“This period has also allowed us to automate our processes even more. The first few months for the industry were extremely slow, so we took the time to evaluate our processes and to make them more efficient. It was simply a tweak here or there, and we introduced new software in some stages. The result is that we’re now able to handle a higher flow of parts with the same number of staff.”
Wooldrik is totally committed to introducing the latest automation software to APOC, which allows its online parts catalogue to be updated every five seconds.
“I think it’s one of the main drivers behind our success. I would say we’re a very data-driven company – we use a lot of data to make certain decisions. So, even if we’ve never seen a particular part or we’ve never sold it, we still have a lot of information about it, and we have a fairly good idea what the market value of that part is. It helps us determine the right value for certain parts, and also what aircraft we should or shouldn’t buy.
“We’re always looking at specific parts related to the Boeing 737NG or the Airbus A320 family – it just makes sense as it accounts for 45% of all aircraft flying. It’s a good move to have an inflow of these parts, and our stock has to be very liquid as there are always operators looking for this material. That being said, we also want to focus on any opportunity if it arises – we don’t say no!”
As the airline industry waits patiently to get back to some semblance of normality, Wooldrik is honest about the outlook for the parts side of his business: “It’s definitely slower due to COVID-19, and the transactions done by other companies are being heavily discounted by as much as 60–70%. Of course, we get clients who want a similar deal, but we aren’t in a similar position. We can stand firm, and I am not in the position of having to drastically reduce the prices of our stock. All that will happen is our stock levels would be depleted, and when things do return to normal, we won’t be in the position to supply items, and we will be at a significant disadvantage to our competitors. It makes more sense to wait for better times.”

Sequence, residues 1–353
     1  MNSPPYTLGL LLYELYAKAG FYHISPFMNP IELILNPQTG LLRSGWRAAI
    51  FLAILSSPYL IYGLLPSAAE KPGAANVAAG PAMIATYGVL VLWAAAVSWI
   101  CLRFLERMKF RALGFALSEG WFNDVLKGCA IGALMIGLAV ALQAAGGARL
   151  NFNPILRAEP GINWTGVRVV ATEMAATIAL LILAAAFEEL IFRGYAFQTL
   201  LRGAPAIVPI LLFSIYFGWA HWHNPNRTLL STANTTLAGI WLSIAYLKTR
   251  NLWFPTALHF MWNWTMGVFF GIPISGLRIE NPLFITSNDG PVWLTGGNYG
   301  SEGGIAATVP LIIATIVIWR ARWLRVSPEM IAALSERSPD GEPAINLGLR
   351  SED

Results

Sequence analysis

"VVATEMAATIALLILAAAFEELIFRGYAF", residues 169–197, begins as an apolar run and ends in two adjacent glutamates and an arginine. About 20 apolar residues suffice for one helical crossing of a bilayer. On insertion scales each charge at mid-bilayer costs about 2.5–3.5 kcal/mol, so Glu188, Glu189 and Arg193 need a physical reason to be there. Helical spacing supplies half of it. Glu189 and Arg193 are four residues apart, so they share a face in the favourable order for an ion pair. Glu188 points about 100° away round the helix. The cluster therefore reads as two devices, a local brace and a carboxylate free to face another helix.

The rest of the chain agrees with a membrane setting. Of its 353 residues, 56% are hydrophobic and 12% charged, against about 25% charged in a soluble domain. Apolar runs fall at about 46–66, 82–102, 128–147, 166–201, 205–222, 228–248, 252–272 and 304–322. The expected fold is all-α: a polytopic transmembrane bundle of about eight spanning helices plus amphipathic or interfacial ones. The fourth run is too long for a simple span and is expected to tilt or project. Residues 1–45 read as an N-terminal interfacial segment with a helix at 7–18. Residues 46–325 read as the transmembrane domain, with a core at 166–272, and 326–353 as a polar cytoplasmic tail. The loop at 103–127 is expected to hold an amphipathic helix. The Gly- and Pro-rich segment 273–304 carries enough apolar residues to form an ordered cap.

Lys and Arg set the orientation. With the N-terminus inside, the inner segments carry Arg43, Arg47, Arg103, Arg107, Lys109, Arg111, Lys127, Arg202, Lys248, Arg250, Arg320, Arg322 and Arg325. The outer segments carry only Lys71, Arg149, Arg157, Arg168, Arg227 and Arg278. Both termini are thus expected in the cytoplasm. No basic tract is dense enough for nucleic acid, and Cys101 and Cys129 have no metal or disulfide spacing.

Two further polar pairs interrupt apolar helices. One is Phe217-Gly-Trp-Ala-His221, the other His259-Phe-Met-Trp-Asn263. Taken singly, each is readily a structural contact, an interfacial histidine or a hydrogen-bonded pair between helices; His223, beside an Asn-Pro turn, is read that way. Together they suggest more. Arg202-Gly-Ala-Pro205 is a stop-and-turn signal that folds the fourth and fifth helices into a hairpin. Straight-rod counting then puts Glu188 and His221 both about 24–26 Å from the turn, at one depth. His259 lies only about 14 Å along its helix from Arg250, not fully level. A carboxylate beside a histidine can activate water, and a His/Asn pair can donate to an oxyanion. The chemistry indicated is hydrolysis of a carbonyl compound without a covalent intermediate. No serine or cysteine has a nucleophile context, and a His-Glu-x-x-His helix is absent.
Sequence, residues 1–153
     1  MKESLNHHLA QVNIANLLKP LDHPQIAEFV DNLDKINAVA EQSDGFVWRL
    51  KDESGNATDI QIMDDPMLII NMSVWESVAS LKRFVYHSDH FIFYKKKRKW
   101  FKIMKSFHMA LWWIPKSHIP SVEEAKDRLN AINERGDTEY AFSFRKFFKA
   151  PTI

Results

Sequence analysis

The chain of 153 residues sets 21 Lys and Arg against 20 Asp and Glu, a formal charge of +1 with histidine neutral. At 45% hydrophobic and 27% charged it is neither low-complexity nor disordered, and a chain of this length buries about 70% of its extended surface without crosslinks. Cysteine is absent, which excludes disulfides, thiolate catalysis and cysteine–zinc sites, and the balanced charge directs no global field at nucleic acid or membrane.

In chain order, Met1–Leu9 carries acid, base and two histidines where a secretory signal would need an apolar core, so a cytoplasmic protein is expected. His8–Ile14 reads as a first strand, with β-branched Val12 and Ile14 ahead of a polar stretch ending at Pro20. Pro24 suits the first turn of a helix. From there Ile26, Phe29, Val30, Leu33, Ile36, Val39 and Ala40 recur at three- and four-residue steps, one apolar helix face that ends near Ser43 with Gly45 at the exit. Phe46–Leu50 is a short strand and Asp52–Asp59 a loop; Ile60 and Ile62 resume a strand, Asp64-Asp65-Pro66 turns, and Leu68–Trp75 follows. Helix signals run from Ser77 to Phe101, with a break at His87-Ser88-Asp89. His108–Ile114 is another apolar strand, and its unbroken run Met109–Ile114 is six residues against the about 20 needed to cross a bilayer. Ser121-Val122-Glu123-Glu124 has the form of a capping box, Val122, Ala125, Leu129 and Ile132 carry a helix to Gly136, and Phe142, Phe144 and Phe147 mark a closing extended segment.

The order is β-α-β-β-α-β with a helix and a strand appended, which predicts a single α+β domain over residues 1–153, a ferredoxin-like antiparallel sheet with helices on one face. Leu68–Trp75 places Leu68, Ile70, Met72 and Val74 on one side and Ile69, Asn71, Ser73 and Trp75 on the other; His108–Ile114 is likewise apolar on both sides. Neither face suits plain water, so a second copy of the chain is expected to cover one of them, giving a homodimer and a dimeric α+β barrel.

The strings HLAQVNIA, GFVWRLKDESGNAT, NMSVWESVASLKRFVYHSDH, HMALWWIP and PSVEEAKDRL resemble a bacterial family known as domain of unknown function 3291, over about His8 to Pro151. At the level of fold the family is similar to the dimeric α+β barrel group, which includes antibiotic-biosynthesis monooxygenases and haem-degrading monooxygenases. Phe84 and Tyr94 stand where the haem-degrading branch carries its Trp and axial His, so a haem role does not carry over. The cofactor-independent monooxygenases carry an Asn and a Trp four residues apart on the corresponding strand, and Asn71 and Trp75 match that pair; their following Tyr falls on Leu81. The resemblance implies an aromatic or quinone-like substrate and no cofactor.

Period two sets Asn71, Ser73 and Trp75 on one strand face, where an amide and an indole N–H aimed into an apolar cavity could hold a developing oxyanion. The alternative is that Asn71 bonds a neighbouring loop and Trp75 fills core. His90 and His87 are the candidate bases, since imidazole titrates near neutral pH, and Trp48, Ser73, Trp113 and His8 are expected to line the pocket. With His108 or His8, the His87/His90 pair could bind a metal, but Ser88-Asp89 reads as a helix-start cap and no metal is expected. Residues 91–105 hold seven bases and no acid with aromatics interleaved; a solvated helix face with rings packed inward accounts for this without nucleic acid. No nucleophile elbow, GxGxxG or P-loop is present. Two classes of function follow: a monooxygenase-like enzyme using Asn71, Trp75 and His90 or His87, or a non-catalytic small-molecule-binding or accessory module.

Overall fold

In contrast to the tone of general media reports, Wooldrik remains enthusiastic about the leasing market, which has remained buoyant.
“The trade in landing gears and engines is pretty strong. With the former, it’s very much a niche market, and there’s not a lot of people focusing on these at the moment, so we are putting significant focus on acquiring more items,” he said.
With plans to expand the business globally and the green shoots of a commercial aviation recovery beginning in Asia, APOC is keeping a careful eye on the region.
“We are looking towards Asia as there has been a spike in demand there right now, compared to Europe,” Wooldrik explained.
“I think with the news of a vaccine coming along, things will return to normal more quickly for part suppliers as the demand will be there. For operators and actual flying, I believe this may well return more quickly than people think, but will the same number of operators be out there? When they do start again, airlines are going to be strapped for cash and the need to buy new items may not be possible. With a common interest in saving cash where they can, it could be great for our industry.”